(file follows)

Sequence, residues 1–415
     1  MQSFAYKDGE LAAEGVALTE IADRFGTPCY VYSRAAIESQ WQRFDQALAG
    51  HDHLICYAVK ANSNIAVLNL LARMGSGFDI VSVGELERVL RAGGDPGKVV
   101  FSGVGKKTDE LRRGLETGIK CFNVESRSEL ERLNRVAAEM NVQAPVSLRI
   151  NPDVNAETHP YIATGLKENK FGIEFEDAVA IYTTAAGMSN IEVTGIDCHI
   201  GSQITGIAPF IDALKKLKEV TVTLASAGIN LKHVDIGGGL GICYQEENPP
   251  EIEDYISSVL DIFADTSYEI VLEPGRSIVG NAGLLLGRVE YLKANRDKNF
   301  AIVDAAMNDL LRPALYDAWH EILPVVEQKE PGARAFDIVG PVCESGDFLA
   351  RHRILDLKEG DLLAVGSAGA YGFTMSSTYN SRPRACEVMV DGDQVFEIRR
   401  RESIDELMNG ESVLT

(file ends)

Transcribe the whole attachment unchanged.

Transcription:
Sequence, residues 1–415
     1  MQSFAYKDGE LAAEGVALTE IADRFGTPCY VYSRAAIESQ WQRFDQALAG
    51  HDHLICYAVK ANSNIAVLNL LARMGSGFDI VSVGELERVL RAGGDPGKVV
   101  FSGVGKKTDE LRRGLETGIK CFNVESRSEL ERLNRVAAEM NVQAPVSLRI
   151  NPDVNAETHP YIATGLKENK FGIEFEDAVA IYTTAAGMSN IEVTGIDCHI
   201  GSQITGIAPF IDALKKLKEV TVTLASAGIN LKHVDIGGGL GICYQEENPP
   251  EIEDYISSVL DIFADTSYEI VLEPGRSIVG NAGLLLGRVE YLKANRDKNF
   301  AIVDAAMNDL LRPALYDAWH EILPVVEQKE PGARAFDIVG PVCESGDFLA
   351  RHRILDLKEG DLLAVGSAGA YGFTMSSTYN SRPRACEVMV DGDQVFEIRR
   401  RESIDELMNG ESVLT